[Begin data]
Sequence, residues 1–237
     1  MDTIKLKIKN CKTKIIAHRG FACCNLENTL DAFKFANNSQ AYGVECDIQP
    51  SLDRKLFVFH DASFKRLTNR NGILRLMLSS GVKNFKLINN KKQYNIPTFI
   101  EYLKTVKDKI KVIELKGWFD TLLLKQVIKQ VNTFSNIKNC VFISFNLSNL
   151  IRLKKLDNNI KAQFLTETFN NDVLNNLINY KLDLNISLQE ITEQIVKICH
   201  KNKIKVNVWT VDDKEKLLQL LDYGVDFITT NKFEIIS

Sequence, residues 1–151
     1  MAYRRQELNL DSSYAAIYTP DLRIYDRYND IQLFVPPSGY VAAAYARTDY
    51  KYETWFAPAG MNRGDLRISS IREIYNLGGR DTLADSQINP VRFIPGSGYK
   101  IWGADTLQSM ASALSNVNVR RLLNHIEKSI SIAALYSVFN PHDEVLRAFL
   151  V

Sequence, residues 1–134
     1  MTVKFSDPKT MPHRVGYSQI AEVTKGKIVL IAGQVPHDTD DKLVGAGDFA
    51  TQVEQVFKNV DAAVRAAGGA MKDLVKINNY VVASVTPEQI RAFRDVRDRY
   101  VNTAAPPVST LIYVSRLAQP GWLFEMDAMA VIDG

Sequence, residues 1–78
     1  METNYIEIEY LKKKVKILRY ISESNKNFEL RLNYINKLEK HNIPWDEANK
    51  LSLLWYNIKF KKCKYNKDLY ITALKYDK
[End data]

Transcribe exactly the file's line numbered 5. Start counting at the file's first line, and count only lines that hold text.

   151  IRLKKLDNNI KAQFLTETFN NDVLNNLINY KLDLNISLQE ITEQIVKICH